Spring and fall are the best times to visit Sedona as the mid-70s provide ideal hiking and exploring weather conditions. Cool nights allow for fire-pit-lit evenings with hot chocolate or hot toddies. It can still get hot in the summer, but if you don’t want to be scorching your entire vacation, Sedona is a prime place to introduce yourself to the state.
This dreamy, desert oasis is the perfect escape from the blistering heat in the city, but it isn’t cold. Drive through Sedona to take in its dreamy views and otherworldly colors while staying in a place stress free with vacation home management.
Located in the middle of the state, just 144 miles north of Phoenix, Flagstaff is wildly different from the capital city. Flagstaff is famous for its skiing and four seasons and is known for its average cooler temperatures compared to an area like Phoenix.
Snow generally arrives in November and can stay on the peaks of the mountains until mid-summer. Winter months are very brisk, with temperatures averaging between 38 and 40 degrees. This winter weather is not to be taken lightly, so Flagstaff might not be the go-to destination to escape the winter of your own hometown.
But if you’re looking for some real mountain living that includes some wintery fun, Flagstaff has everything you need.
In the southern portion of the state, near Mexico, Tucson provides sweltering summers and dry, cool winters. Tucson is great for mountain biking, hiking, camping, climbing, and other outdoor activities. Also, the stars will blow you away in the cool desert night. With nearly 10 seasons of dryness, there isn’t much precipitation here either.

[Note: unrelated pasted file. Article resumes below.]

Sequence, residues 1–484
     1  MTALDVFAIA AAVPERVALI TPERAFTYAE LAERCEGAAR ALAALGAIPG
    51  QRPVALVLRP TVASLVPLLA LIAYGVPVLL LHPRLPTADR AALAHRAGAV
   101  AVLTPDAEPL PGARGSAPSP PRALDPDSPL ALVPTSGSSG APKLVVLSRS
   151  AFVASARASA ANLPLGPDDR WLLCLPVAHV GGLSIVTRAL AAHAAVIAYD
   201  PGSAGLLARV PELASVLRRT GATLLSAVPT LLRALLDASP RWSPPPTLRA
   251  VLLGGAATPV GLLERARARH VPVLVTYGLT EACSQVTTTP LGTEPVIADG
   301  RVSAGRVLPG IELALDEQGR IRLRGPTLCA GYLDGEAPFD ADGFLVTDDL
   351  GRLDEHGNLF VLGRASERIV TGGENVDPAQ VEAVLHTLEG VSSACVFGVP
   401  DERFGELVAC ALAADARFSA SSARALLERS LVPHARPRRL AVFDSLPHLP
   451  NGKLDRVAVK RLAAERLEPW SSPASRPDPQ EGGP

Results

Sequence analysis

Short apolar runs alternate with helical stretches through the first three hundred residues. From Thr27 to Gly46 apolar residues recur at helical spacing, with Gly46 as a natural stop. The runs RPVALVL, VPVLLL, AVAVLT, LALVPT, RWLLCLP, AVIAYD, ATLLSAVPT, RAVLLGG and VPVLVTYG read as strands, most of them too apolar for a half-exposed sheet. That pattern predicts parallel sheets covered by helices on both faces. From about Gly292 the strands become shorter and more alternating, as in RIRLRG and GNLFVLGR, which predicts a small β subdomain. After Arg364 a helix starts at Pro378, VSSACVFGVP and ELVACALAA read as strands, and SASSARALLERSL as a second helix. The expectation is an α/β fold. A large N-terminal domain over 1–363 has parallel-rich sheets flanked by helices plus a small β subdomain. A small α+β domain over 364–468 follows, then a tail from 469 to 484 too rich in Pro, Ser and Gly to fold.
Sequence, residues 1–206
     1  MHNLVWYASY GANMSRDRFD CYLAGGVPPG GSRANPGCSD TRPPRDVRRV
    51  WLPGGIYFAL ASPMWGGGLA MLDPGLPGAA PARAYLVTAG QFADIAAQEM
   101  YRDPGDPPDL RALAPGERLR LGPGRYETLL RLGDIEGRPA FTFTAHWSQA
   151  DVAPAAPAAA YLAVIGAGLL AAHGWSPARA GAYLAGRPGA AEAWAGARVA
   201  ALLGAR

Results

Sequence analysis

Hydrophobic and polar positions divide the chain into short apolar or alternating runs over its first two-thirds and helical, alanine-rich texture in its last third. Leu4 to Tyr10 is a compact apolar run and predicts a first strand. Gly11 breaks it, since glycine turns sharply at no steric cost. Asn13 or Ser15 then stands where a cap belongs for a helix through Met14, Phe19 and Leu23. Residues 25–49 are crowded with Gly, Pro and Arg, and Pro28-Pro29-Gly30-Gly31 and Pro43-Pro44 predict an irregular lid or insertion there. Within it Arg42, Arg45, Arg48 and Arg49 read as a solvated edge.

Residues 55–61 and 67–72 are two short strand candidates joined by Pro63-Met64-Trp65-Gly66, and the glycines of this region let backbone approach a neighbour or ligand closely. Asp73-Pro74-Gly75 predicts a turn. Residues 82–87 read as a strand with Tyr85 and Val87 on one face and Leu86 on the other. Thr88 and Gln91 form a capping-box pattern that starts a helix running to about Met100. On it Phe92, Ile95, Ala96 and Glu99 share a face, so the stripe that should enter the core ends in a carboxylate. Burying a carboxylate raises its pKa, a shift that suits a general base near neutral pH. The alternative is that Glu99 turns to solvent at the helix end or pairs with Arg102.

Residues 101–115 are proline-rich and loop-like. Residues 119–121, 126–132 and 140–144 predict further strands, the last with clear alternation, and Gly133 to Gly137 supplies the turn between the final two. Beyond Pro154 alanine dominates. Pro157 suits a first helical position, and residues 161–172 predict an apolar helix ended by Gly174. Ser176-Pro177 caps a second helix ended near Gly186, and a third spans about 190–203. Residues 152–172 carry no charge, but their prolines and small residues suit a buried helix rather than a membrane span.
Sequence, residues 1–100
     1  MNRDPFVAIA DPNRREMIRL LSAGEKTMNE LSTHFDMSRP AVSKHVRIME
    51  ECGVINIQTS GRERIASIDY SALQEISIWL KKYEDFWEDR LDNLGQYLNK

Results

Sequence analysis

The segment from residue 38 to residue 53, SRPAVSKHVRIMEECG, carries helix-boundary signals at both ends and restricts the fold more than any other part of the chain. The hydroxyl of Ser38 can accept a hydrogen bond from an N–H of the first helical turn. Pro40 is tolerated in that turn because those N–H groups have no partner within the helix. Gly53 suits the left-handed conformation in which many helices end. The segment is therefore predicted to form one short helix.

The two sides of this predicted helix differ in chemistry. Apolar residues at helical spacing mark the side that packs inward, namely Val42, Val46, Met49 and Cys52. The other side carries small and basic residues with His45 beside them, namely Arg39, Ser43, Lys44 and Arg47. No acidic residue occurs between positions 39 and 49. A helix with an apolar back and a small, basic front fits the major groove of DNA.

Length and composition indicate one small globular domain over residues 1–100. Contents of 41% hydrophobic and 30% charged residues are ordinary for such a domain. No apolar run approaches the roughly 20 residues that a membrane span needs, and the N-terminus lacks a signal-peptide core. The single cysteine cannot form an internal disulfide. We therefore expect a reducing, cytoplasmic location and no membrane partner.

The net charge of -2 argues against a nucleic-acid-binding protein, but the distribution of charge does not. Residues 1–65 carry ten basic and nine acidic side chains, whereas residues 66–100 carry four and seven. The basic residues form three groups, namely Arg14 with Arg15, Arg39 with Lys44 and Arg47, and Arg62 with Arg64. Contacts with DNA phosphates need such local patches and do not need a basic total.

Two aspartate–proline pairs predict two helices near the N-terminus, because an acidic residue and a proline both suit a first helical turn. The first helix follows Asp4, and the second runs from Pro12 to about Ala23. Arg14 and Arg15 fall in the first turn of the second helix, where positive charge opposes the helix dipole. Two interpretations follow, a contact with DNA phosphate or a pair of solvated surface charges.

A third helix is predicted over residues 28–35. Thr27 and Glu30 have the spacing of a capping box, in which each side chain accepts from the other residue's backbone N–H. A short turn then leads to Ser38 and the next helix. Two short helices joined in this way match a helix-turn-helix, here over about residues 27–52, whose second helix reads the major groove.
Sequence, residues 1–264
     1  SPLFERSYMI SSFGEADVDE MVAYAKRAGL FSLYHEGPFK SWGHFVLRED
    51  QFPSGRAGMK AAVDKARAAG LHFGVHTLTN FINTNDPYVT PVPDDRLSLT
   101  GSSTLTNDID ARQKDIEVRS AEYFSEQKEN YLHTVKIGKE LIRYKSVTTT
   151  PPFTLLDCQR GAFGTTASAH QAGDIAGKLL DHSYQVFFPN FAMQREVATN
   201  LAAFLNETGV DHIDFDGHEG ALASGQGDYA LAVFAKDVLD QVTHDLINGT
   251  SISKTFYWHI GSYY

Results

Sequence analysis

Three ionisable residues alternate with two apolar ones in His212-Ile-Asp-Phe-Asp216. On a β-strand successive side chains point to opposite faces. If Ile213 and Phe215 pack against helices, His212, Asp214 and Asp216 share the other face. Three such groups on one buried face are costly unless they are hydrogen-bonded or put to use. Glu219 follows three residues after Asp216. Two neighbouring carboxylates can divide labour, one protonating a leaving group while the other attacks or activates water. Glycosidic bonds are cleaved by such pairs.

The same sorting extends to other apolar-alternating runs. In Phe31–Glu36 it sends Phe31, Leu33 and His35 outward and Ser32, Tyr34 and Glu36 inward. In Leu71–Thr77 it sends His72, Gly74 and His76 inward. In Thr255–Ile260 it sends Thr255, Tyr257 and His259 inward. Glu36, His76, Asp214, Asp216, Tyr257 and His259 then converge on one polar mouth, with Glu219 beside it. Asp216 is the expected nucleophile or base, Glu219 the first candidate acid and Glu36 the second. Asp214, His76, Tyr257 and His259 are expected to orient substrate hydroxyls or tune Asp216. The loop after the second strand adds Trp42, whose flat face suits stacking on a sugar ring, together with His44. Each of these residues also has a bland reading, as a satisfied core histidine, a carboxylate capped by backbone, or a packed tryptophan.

With countless attractions throughout the Sonoran Desert, such as Colossal Cave Mountain Park or Kartchner Caverns State Park, Seven Falls at Sabino Canyon or Saguaro National Parks East & West, you’ll be enchanted by the magic of the American Southwest. In fact, the Sonoran Desert Tucson was once the capital of Arizona in the 1800s, but now is a good mix of urban and rural living.
In fact, with nearly 3,500 species of plants, 500 species of birds, and 1,000 species of bees, the Sonoran is the most biodiverse desert on Earth.
In short, Arizona has nearly everything you could want in the state, minus some oceanfront property. Also, it’s strategically located so you can visit several other western states for anything else you desire.
If you want super hot summers and mild winters, Phoenix is the place for you. If you’re an avid fan of the mountains, skiing, snow, and winter weather, consider Flagstaff. Tucson is a more low-key city with temperatures similar to that of Phoenix and is close to Mexico. Sedona is a beautiful oasis in the mountains that comes with Martian-like red rocks and spectacular views, with average moderate temperatures compared to Phoenix.
The desert systems and national parks throughout Arizona provide the state with an infinite amount of plant life, animals, and weather patterns that make the state anything but a monolith, climate-wise.